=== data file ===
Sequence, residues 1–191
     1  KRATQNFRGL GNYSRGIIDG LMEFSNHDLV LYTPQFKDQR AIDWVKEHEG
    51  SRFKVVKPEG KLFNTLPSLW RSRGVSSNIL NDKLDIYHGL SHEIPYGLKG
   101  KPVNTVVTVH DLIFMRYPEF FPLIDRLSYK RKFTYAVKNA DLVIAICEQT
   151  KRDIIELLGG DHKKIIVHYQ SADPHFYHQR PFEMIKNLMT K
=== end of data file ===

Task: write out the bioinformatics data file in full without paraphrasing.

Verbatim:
Sequence, residues 1–191
     1  KRATQNFRGL GNYSRGIIDG LMEFSNHDLV LYTPQFKDQR AIDWVKEHEG
    51  SRFKVVKPEG KLFNTLPSLW RSRGVSSNIL NDKLDIYHGL SHEIPYGLKG
   101  KPVNTVVTVH DLIFMRYPEF FPLIDRLSYK RKFTYAVKNA DLVIAICEQT
   151  KRDIIELLGG DHKKIIVHYQ SADPHFYHQR PFEMIKNLMT K